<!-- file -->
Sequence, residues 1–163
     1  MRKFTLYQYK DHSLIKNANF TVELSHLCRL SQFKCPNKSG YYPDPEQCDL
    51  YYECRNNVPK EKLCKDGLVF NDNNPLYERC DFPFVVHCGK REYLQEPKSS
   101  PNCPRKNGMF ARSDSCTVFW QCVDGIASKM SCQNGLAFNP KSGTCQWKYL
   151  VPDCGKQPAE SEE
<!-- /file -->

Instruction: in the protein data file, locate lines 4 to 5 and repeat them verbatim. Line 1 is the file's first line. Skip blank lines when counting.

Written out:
   101  PNCPRKNGMF ARSDSCTVFW QCVDGIASKM SCQNGLAFNP KSGTCQWKYL
   151  VPDCGKQPAE SEE